SupChina: During this period, did you feel at all divided in your interests or your passions?

Shen: During those times in the 1980s in China, when I studied Western painting it brought me a deepened perspective about visual arts, because when I was little I only knew the Chinese side, so ultimately it deepened my sensibilities. Having studied Chinese opera, Chinese painting, calligraphy, watercolor, I had a kind of foundation. Once I started studying Western culture through painting and modern dance, they offered me a different way of seeing things and actually balanced me in some way, made me even more curious. That study and opening up to Western culture really helped me to relate to my way of seeing today.

SupChina: Why and how did you make the move to the United States in 1995?

Shen: The biggest reason why I came to the U.S. is that I really wanted to study more. Before coming to the U.S., from 1991 to 1994, I was already a choreographer and a dancer in the first modern dance company in China, in Guangzhou, and I was kind of really doing pretty well. I was successful in China, but I felt that it was not enough. Somehow it was not satisfying for me.

I applied for scholarships everywhere, but New York is amazing. Coming to New York was my big dream – to really learn so much from the city and to continue my education so that I could continue being a creative person. At that time, it was like a dream that you can go to a place like New York, learn so many things in one of the best places for art. That got me to make a huge move, to give up my job and my house and big salary, and come to New York as a really poor student, but I have really amazing memories of those times as well.

SupChina: Since then, your work has been seen around the world, and you’re still based in New York. How would you describe your relationship to China at this point in your life?

Shen: When I left China, I started to see more of who I am. Living in China, you don’t really understand your own culture as much, the big picture at least, and you may not be as interested in your own culture as much as when you leave.

I have a really strong foundation in traditional Chinese culture, and I look back at the things that really deeply connect with me in Chinese culture and what is most interesting to me about modern contemporary culture and Western traditions. And when you’re open to the different sensibilities, you realize it’s not one or another, it’s actually both.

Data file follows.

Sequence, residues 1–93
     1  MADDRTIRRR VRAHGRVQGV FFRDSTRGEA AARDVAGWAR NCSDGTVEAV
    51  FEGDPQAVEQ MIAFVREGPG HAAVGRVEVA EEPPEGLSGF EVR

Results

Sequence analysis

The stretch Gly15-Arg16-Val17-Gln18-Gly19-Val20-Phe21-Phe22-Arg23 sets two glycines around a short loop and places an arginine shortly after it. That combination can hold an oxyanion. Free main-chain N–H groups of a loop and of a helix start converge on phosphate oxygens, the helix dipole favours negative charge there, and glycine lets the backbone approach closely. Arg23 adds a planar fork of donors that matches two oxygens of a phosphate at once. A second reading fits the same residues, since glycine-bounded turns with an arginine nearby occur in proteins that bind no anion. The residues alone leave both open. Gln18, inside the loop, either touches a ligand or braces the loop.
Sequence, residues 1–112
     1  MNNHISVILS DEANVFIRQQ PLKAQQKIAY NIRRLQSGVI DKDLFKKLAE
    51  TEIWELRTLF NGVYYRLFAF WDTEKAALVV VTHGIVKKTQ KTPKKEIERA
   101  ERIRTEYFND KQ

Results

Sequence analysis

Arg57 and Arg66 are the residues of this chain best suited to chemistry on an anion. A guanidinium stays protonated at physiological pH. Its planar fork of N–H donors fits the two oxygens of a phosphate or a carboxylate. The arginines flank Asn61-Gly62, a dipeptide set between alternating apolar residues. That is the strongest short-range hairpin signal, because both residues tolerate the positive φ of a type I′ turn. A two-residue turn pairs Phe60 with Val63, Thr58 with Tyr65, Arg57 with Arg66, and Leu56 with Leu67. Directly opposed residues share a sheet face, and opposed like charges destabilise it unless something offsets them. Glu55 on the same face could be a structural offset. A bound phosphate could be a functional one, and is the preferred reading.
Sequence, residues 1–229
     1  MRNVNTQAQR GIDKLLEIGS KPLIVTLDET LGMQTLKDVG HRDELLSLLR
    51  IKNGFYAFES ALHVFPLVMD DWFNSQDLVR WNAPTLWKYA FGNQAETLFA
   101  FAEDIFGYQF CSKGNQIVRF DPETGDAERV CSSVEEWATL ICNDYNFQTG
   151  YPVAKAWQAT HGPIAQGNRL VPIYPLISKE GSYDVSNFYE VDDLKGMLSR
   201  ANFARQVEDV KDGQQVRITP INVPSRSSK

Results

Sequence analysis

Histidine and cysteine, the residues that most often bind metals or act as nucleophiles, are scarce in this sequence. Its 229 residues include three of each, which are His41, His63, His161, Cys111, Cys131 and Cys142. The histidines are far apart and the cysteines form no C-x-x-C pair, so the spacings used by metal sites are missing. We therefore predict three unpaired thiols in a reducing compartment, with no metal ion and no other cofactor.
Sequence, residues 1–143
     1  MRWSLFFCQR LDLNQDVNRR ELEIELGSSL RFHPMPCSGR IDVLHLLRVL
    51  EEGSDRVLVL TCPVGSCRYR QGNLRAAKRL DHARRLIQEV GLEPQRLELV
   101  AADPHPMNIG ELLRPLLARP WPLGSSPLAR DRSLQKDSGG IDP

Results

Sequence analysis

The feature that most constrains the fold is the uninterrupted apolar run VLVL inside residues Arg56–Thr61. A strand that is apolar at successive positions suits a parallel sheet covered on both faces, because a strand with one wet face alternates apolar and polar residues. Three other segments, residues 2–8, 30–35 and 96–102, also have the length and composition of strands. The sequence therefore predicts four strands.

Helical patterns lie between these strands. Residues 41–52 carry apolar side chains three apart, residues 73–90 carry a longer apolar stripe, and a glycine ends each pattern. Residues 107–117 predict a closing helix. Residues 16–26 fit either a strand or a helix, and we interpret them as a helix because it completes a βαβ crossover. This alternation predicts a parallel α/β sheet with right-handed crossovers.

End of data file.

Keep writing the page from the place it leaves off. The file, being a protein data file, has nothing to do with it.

When I moved to New York I went back to study Chinese culture again, and for the first five years in New York City, I studied and really tried to understand the culture – why the principles and the philosophy, the lifestyle or values, had developed in a certain way. And I went back to read all the books about Laozi and Zhuangzi and Confucius, to study the beauty of the Chinese poems of the Tang and the Song, the traditional master visual artists, as well as the traditional music and, of course, Chinese opera. And I felt my understanding developed more than when I was in China, because maybe I could see the differences and compare them with other cultures.

A scene from a 2013 performance of "Carmina Burana," for which Shen oversaw the concept, choreography, direction, sets and costumes. Francesco Squeglia

A scene from a 2013 performance of “Carmina Burana,” for which Shen oversaw the concept, choreography, direction, sets and costumes. Francesco Squeglia

SupChina: What do you think people need to understand about your work and its relationship to China?

Shen: The piece called “Folding” was developed four or five years after I left China, when I was living in New York City and rediscovering everything I mentioned before. In 1999 I went back to Guangzhou, and the director of the company at the time asked me to make a piece for the company to tour in Europe. So I started really thinking about the lessons of Chinese culture, understanding the spirit or principles and developing them for a place in contemporary life, using an abstract form to connect to people, and this was the source of “Folding.” This piece came from my understanding of Chinese culture and how to connect it to Western culture and communicate that to the audience.

I brought this piece to Beijing in 2014, almost 15 years later, and the Chinese audiences in Beijing and Shanghai were really touched by this work, and they really understood how it related to them, but not literally or by using all these Chinese symbols. I was kind of worried about [the audience reception] in the beginning, but that was not an issue so I’m very happy. Once you understand the sensibilities of a culture or people, then you can really communicate with them – not just repeating what they already know or could know, but developing a space for their continued growth.